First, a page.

too, or, that you will phrase one to suit yourself that does declare your beliefs and practices.


Sincerely,


LESLIE DIESTELKAMP (signed)


September 10, 1957


Dear Brother Diestelkamp:


Your letter of August 80, came to me in due time, but I am just now with sufficient leisure to reply.


I have not the slightest objection to affirming what I believe relative to the responsibility of the church
toward the needy, but my point was that in a written debate there is little point in both writers affirming,
inasmuch as both sides are before the readers in the same issue. However, inasmuch as you insist, I will affirm
the following proposition:


"The scriptures teach that the church, from its treasury, is authorized to provide funds for the care of
needy, deserving people not members of the church."


I have typed this onto the sheet containing the other proposition, and am enclosing it. If this is acceptable,
you may do likewise, and return the other copy to me.


There are two or three other considerations which have arisen:


(1) In view of the fact that both of us are to affirm, and debate, it you contemplate publishing the should be
longer than four articles. I suggest three affirmatives of the length suggested in Bro. Vinson's first letter to me.


(2) Since the setting of the price for such a book is arbitrary, and in which I would have no voice, I suggest
you give me 15% of all copies printed. It is assumed that you will sell it at 40% above cost. This will still be
less than half your share.


(3) I would expect Bro. Vinson to sign a contract that on completion of the articles he would immediately
publish it in book form, if I am to agree to a copyright.


One other matter: Since writing you last, an agreement has been reached with Roy Cogdill, regarding a
debate to be held in Birmingham, Ala., Nov. 18-23. 1 shall not have time to begin the debate until after that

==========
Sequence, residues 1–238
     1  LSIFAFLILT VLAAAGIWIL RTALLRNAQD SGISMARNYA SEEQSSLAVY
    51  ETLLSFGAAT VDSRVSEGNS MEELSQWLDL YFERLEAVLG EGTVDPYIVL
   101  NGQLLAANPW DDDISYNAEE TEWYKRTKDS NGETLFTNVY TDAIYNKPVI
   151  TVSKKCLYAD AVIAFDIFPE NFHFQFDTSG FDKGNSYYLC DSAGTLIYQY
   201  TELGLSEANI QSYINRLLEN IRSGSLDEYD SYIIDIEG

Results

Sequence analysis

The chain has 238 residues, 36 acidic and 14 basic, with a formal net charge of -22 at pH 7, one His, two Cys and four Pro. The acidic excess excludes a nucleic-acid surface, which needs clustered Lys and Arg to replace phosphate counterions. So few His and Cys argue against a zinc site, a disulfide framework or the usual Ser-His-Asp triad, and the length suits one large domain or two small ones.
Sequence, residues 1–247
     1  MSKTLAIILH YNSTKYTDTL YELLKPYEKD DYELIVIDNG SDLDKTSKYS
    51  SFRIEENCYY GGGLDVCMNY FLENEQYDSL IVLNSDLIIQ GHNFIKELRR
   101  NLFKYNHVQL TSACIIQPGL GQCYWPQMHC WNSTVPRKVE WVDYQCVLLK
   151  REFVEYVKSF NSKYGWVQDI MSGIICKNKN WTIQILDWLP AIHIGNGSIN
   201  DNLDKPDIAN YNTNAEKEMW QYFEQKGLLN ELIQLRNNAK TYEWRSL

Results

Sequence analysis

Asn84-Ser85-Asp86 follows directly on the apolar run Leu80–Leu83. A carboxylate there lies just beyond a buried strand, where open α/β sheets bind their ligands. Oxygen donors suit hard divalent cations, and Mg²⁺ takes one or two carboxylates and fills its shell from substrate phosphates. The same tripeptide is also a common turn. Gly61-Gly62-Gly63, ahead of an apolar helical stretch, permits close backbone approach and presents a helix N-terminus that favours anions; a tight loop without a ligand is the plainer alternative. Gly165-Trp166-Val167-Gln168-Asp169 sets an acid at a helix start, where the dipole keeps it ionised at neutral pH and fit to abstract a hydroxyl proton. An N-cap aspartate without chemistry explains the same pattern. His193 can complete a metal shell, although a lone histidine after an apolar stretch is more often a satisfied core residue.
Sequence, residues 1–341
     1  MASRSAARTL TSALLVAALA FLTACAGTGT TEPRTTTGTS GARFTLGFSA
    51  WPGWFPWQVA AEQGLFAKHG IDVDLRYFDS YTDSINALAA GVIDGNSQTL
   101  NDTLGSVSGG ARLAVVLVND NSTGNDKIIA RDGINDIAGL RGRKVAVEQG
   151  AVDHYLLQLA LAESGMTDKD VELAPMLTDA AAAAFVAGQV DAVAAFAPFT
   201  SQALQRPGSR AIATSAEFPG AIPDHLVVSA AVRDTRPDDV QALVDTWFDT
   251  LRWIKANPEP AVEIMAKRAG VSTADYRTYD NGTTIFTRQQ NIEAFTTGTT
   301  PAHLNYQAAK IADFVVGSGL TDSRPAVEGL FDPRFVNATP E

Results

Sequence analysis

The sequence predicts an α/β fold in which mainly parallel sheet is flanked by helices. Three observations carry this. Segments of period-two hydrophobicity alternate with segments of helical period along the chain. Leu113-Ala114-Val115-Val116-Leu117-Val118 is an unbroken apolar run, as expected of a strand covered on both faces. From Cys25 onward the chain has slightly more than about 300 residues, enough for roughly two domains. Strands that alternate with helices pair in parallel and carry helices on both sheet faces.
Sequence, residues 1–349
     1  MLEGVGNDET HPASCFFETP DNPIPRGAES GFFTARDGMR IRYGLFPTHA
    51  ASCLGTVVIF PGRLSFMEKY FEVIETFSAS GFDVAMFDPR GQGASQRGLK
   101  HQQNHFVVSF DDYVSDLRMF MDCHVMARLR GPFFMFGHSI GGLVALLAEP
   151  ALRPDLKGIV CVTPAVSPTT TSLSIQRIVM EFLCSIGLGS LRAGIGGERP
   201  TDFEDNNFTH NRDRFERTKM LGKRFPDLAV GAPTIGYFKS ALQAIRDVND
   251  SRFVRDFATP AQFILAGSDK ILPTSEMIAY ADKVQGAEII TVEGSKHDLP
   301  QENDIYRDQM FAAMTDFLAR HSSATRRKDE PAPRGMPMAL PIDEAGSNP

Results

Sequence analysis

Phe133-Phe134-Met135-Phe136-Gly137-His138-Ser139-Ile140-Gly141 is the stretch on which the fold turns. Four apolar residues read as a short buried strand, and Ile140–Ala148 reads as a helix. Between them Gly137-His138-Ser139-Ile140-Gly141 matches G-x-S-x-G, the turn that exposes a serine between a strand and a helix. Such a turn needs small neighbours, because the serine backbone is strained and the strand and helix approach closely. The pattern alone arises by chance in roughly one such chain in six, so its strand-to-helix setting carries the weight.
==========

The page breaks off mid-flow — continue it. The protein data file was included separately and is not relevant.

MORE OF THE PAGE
debate has been conducted. (I might be able to supply one affirmative for the January issue of your paper,
before that time, though I am not sure of this. Would you be able to get the first issue of the debate into your
paper for January if in your hands by Dec. 1 ?


The foregoing are the terms on which I am willing to conduct the debate. You may advise me at your
convenience. Please take the matter tip with Bro. Vinson because there is no point in my corresponding with
both of you.


Faithfully yours


GUY N. WOODS (signed)


Sept. 13, 1957


Dear brother Woods,


Your letter of Sept. 10 reached me yesterday. The affirmation you signed does not meet with my approval
for this reason: It would permit quibbling throughout all of your affirmations regarding the care of little
children left destitute at the death of Christian parents. I do not mean that you would spend your time thus
quibbling, but the proposition would permit it. Your affirmation should require you to defend the common
practice of using funds from church treasuries to support any and/or all people of the world to whatever extent
it may choose.


I shall inclose another pair of propositions for your consideration. Notice that proposition No. 1 does not
imply that the benevolence is to be for people of the world only, but it does Point up that such People are to
be included if the church is able to do so.


Brother Vinson will also write You and his letter and mine will Probably be mailed together. Very best
regards to you.


Sincerely,


LESLIE DIESTELKAMP (signed)


Proposition No. 1


The scriptures teach that the church, from its treasury, is authorized to provide funds for the care of any
needy, deserving people of the world (as opposed to needy saints-brethren).


I affirm _____________________


I deny LESLIE DIESTELKAMP (signed) Proposition No. 2


The scriptures teach that the church, from its treasury is authorized in the field of benevolence, only to care
for needy saints (brethren).


I affirm LESLIE DIESTELKAMP (signed)


I deny _____________________


It is understood that the above propositions are to be discussed in TRUTH magazine in accord with
whatever conditions the editor may impose, which conditions are to be mutually suitable to both participants.